I use Firefox and it's no help in our back end. As for InCopy, we use it now but it too has trouble with styles importing from Word and screwing things up if not done properly.

Of course, the fact that we're still on CS2 might have something to do with that as well.

kellicollins said...

Joe, I can't even begin to comprehend your pain. Well...maybe a little *wink*.

I'm not surprised your newspaper is considering this. Web-first is the way of the future, after all...right after aggregated content. Who has time for old-school crap like editing? Just throw that stuff on the site and keep writin'!

But look on the bright side: If it's your journalists who are required to enter content onto the site, as least their grasp of spelling and grammar should be pretty good.

On the other hand, if you're publishing user-generated content like most papers these days, well...good luck. :)

Ardent alt-weekly fan...

KC

Anonymous said...

Dont blm mea. Itz that damnd inventiv spelng thay taut us in skool yearz ugo.

Ann Bruce said...

Mari - I don't have proofreaders or beta readers (scary, isn't it?) and I miss too many things with on-screen editing, so I need a hard copy and a red pen.

But no worries, I'll stay away from you. No one in her right mind would want me to edit them. I leave notes like "WTF?!?" and "A monkey can do better" on my own MS.

- Former English major...who then sold her soul to big business

Ann Bruce said...

Ack!

Sentence should be: "No one in her right mind would want me to edit her work."

(See? I so need a hard copy and a red pen.)

Mari Freeman said...

Ann - Okay. You can edit me but not my manuscripts. LOL


OT- word verification for this post:
flogin.
I know it's misspelled, Kelli. I'm just saying.

Wylie Kinson said...

LOL at Ann's "I'm not stupid, I'm Canadian".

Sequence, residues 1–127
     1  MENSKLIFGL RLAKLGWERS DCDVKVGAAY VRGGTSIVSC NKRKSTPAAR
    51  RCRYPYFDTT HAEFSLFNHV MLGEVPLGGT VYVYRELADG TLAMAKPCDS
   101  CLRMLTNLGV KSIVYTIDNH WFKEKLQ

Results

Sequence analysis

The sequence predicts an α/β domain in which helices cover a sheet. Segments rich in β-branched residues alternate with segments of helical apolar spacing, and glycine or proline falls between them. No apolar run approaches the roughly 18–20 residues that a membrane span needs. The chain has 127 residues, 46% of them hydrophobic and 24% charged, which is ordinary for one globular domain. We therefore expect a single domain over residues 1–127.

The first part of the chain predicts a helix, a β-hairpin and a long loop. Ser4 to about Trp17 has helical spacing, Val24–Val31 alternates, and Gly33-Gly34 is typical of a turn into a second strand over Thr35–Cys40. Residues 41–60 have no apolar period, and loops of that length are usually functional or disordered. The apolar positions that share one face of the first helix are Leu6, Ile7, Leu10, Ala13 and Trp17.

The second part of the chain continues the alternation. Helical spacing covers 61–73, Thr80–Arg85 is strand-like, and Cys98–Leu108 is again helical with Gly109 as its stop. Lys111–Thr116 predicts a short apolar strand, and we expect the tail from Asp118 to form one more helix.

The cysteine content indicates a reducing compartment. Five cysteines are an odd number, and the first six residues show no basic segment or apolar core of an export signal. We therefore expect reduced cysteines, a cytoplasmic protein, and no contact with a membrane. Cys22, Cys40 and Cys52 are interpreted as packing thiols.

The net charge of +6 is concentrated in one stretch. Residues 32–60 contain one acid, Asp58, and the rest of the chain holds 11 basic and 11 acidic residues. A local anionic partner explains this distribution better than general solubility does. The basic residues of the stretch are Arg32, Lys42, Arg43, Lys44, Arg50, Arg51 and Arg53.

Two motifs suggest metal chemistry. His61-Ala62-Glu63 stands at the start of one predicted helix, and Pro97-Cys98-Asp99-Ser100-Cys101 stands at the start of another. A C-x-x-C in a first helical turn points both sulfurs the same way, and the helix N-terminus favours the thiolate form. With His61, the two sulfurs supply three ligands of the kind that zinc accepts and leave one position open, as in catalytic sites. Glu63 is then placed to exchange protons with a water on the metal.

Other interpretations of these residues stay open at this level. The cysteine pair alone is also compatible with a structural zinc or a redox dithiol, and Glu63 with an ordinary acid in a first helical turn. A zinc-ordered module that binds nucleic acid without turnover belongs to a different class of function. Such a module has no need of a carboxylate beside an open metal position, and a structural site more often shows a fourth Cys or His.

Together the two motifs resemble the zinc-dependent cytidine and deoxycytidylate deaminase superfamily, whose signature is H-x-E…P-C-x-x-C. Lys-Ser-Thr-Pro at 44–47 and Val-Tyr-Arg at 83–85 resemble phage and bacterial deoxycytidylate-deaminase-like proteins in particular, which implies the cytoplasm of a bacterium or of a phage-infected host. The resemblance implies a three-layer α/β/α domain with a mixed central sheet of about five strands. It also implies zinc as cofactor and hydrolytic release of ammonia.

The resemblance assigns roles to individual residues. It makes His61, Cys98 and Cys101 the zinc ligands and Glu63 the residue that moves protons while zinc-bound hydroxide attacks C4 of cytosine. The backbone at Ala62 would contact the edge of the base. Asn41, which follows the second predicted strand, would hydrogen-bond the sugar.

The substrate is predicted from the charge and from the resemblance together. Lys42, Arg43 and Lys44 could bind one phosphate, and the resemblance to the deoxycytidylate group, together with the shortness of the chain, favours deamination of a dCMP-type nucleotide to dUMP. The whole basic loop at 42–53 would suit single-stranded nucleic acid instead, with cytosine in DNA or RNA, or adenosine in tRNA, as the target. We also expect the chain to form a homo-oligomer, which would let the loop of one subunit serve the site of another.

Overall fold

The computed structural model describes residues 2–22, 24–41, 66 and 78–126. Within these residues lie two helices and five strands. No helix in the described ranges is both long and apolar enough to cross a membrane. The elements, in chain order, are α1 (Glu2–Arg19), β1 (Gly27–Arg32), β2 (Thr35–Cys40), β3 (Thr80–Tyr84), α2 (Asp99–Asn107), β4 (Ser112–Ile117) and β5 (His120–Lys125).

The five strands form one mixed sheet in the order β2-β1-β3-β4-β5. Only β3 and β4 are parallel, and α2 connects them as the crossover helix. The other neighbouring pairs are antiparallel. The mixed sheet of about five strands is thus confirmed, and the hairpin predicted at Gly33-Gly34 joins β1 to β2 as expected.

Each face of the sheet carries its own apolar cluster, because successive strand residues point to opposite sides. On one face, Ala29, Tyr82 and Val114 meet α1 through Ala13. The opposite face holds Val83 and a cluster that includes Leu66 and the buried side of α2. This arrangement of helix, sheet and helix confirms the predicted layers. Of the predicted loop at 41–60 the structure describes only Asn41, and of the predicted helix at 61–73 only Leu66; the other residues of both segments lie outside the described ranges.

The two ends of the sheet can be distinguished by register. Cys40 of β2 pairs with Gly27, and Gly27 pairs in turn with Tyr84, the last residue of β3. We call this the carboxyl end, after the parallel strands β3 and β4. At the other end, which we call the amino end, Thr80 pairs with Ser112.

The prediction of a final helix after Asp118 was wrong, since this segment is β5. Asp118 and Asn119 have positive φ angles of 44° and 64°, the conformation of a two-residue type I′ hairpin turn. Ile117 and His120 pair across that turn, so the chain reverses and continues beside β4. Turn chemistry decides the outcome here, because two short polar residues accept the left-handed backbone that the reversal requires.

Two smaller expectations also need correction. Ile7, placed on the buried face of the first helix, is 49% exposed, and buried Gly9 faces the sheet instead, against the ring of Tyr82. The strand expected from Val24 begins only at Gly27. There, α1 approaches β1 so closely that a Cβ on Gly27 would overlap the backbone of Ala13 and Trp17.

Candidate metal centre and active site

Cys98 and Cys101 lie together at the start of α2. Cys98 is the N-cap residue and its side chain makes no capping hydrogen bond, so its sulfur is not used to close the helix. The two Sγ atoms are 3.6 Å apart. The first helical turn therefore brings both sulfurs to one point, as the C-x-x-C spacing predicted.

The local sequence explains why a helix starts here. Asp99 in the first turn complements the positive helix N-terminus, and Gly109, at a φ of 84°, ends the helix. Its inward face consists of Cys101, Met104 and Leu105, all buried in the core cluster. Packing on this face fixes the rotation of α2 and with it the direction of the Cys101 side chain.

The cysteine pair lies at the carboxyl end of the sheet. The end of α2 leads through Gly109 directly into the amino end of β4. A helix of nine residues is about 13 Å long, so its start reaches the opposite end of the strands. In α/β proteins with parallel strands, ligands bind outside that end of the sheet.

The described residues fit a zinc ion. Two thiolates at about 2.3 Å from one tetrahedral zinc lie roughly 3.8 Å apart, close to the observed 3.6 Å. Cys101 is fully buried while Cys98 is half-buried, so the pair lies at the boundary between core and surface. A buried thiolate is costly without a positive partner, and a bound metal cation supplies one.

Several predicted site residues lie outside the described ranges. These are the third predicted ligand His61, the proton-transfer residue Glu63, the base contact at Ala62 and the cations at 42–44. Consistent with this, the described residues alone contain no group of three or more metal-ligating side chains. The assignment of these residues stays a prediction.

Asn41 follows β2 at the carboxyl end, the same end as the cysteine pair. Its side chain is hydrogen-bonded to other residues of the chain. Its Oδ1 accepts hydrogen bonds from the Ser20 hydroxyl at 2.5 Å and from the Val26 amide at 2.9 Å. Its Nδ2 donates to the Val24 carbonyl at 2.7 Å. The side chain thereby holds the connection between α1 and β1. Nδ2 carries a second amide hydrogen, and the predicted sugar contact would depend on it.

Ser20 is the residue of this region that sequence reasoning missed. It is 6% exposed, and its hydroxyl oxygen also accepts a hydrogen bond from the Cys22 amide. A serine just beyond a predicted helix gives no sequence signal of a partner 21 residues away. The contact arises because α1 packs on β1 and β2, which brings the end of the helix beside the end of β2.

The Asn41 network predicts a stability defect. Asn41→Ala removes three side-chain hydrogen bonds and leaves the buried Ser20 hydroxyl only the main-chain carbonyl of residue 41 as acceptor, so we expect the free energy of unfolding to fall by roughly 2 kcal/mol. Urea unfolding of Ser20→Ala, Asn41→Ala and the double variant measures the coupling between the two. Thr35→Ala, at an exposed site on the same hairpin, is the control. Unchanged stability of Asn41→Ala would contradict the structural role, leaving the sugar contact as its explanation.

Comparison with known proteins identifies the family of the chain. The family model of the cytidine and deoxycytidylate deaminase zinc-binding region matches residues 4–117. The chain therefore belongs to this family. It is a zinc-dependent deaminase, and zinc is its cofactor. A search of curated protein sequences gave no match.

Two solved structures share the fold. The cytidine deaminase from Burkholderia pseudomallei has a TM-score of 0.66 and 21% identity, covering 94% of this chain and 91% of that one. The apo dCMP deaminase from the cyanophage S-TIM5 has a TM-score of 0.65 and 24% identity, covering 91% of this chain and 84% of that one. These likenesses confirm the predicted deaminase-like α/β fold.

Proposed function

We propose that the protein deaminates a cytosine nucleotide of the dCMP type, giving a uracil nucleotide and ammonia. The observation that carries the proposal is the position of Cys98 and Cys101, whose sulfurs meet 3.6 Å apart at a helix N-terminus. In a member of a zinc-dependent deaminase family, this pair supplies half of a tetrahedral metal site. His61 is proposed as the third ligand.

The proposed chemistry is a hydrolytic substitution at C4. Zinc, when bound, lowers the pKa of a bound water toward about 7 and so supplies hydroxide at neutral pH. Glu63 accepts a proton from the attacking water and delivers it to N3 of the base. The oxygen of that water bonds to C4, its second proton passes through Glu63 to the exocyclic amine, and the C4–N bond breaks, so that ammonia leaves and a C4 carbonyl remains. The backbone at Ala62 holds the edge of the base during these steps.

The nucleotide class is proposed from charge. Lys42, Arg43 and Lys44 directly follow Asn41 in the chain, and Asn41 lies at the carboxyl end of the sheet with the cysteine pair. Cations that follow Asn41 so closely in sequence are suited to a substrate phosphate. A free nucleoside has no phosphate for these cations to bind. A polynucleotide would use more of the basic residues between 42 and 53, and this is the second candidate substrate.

In fact... I may just use that when you find a legitimate spelling mistake, KC... "But that's how we spell orgazm in Canada!!" tee hee

melissablue13 said...

My characters titled their heads all the time.

I've also cut down on using different word processors when I'm in editing mode. Different processors spell certain words differently. Go figure. So if the word is spelled wrong it's at least spelled wrong consisitently.

kellicollins said...

"spelled wrong consistently" :)

That's entirely valid...and useful.

KC

annecalhoun said...

LOL, Ann at the "I'm not stupid, I'm Canadian." I am as well, but have been sufficiently Americanized in the spelling dept. But I also don't flinch at British/Canadian spellings, whereas I listened to a former boss go off on an employee from India who kept spelling words like "spelt" and "organised", etc. The coworker was dumbfounded. I mentioned the difference in spelling and then the manager was dumbfounded...and embarrassed.

Ebony McKenna. said...

Great post.
Let's not forget you can set spell checker for the particular country you are submitting to as well.

Which really helps me down here in Australia writing for a British publisher.

Dalton Diaz said...

Yes, but Vista is still evil!